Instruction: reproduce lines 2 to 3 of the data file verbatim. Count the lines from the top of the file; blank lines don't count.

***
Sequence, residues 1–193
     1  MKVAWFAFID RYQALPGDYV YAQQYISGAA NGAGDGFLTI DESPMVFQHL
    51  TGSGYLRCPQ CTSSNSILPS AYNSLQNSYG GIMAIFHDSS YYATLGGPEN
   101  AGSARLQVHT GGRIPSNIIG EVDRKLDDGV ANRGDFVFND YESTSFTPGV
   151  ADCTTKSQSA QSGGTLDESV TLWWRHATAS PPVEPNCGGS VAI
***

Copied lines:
     1  MKVAWFAFID RYQALPGDYV YAQQYISGAA NGAGDGFLTI DESPMVFQHL
    51  TGSGYLRCPQ CTSSNSILPS AYNSLQNSYG GIMAIFHDSS YYATLGGPEN